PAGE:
Many people think of courses as the quickest way to get rich as a creator, but the reality is that it can take anywhere between 50 to 500 hours to write, film, edit and market an online course. Course Central analyzed one of the most popular online learning platforms, Udemy, and found that 32% of courses on the platform have less than 100 enrollees and earn less than $500.  28% of all courses enroll between 100 and 1000, with instructors making between $500 and $5,000.

Teachers are turning to outlets like Outschool, an online marketplace for online courses for children, as an alternative to traditional teacher salaries. According to the National Education Alliance, the national average public school teacher salary for 2020-21 was $65,293. Jade Weatherington, 36, a former public school teacher now teaches on multiple platforms including Outschool. Weatherington’s website states she makes over $10,000 per month teaching an average of 10-15 live hours per week. Jade is making 183% more than a classroom teacher for seemingly less “live hours”. Her advice to those starting out – BE PATIENT.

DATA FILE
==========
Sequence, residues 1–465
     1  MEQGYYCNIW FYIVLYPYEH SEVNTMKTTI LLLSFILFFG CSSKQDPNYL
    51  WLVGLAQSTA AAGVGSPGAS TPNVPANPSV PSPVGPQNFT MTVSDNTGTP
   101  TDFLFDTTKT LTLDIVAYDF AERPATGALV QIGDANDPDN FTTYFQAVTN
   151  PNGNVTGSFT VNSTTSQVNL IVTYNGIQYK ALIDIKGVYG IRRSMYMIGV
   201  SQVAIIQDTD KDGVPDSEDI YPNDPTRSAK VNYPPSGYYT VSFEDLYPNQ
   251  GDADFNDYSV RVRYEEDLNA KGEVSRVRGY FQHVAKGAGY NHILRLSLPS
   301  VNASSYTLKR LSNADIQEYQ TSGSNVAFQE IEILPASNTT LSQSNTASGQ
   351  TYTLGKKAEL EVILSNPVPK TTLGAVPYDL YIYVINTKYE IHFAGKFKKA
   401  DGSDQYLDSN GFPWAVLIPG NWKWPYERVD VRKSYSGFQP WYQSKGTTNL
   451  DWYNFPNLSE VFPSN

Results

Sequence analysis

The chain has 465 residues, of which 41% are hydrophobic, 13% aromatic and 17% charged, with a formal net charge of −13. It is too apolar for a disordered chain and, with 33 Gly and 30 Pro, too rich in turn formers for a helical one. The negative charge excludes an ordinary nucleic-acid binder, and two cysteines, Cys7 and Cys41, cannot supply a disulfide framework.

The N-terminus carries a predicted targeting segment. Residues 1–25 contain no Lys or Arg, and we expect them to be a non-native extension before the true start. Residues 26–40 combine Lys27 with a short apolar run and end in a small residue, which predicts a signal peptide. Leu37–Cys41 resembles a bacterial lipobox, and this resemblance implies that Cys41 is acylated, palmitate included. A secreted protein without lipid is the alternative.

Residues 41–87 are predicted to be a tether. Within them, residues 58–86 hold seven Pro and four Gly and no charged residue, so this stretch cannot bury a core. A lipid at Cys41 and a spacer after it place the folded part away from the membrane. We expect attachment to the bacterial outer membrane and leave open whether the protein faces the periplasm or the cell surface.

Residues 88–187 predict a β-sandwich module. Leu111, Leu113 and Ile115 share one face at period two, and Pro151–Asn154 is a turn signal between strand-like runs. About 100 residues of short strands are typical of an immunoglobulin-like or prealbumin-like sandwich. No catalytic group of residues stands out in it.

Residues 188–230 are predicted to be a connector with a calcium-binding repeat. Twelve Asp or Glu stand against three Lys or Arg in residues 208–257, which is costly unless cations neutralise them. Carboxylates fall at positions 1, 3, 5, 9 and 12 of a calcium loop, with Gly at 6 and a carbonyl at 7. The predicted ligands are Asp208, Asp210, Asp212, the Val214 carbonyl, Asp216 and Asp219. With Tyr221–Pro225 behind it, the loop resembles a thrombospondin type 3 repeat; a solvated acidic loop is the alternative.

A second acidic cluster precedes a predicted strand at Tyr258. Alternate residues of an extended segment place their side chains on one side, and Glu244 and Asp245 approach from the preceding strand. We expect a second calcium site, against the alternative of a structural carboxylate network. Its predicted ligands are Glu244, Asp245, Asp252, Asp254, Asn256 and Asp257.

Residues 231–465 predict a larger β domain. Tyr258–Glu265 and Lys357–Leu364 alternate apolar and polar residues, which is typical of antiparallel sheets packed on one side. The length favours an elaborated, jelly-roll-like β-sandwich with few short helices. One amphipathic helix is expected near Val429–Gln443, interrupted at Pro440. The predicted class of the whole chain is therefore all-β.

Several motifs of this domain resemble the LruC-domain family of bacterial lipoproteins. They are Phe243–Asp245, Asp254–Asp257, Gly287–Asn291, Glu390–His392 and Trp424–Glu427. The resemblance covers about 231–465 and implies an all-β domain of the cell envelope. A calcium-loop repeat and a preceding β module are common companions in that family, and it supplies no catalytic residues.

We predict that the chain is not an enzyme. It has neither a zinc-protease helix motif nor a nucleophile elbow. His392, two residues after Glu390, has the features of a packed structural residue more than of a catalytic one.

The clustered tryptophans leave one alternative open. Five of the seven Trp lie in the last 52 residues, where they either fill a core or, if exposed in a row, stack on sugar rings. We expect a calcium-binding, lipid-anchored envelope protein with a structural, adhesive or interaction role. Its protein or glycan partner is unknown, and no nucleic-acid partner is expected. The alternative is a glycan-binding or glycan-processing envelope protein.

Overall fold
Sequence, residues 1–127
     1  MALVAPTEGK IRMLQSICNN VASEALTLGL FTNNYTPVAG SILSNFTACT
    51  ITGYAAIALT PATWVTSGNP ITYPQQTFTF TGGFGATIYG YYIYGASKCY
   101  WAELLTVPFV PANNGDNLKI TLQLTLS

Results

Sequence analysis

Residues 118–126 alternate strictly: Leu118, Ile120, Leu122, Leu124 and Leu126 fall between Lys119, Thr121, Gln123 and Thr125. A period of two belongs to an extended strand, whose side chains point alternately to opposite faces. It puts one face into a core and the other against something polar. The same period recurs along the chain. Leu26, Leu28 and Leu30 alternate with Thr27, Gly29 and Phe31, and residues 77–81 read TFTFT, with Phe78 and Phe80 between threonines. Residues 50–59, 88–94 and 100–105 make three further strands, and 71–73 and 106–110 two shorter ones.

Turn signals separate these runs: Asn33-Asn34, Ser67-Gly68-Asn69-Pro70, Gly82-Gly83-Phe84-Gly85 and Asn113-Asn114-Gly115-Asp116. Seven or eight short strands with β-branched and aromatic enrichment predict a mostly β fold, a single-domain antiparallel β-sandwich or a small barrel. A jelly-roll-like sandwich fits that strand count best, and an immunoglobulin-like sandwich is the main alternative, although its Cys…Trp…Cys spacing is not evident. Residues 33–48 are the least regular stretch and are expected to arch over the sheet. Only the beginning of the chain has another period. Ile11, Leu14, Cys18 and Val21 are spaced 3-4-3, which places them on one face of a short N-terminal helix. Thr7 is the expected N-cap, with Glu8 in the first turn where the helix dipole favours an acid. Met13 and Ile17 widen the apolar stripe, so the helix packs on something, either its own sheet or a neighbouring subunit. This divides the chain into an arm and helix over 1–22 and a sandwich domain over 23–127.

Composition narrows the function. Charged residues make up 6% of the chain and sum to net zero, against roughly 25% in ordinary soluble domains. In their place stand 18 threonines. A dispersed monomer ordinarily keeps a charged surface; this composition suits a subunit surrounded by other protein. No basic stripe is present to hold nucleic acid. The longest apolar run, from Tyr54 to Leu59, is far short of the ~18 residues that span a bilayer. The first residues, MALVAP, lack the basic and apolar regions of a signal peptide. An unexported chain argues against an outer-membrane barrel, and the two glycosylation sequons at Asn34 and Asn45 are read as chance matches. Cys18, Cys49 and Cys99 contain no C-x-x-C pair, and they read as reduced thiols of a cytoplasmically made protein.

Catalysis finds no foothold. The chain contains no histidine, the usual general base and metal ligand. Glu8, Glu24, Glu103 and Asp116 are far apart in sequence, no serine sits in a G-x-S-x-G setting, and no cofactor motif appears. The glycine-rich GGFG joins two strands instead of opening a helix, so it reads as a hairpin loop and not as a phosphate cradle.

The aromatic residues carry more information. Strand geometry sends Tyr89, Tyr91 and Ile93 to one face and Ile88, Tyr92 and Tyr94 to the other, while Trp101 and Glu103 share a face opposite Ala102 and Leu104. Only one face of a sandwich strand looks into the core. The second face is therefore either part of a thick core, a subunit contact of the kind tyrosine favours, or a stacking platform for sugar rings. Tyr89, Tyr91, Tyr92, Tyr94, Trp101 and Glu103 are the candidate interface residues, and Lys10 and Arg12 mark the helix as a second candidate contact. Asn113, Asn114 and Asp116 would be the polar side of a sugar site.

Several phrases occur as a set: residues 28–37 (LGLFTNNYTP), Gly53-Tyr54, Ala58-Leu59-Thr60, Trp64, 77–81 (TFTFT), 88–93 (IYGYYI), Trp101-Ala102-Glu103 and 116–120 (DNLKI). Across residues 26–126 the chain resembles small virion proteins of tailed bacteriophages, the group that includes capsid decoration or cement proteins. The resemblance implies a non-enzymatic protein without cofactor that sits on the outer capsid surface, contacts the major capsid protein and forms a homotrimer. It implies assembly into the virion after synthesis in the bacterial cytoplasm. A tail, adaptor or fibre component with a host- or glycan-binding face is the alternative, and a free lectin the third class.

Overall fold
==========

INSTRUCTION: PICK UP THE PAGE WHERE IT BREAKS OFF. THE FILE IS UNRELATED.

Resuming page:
Jade Weatherington,
Source: https://teacherjade.com/

In my first month with Outschool, I earned $34. In my second month, I made a little over $100. It will take time to build a client base but once you do, you’ll have returning learners, reviews, and parents that tell their friends about your classes.

Jade Weatherington

Weatherington has now become an expert in developing and teaching online courses. She even has her own Masterclass for those wanting to become ‘Teacherpreneurs’. Another example of how there often are multiple income streams in a successful creator’s portfolio.

Side Hustle to Full Time

Becoming a creator starts as a side hustle for many. A creative outlet at the end of the day, working a “traditional” job. A hobby to fill time and tap into one’s creative energies. Trying to create full-time is not for the faint of heart. Creator Cody Jay, now a full-time beauty influencer, began his creative journey as a late-night hobby after working all day as a Social Media Coordinator. He was able to move to full-time creator when he was offered a deal with Snapchat.